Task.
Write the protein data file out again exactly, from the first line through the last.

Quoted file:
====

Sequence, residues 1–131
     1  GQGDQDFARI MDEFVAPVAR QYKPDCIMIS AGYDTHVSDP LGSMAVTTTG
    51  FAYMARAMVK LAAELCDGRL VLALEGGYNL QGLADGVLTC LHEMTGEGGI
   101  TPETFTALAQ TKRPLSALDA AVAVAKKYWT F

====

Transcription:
Sequence, residues 1–131
     1  GQGDQDFARI MDEFVAPVAR QYKPDCIMIS AGYDTHVSDP LGSMAVTTTG
    51  FAYMARAMVK LAAELCDGRL VLALEGGYNL QGLADGVLTC LHEMTGEGGI
   101  TPETFTALAQ TKRPLSALDA AVAVAKKYWT F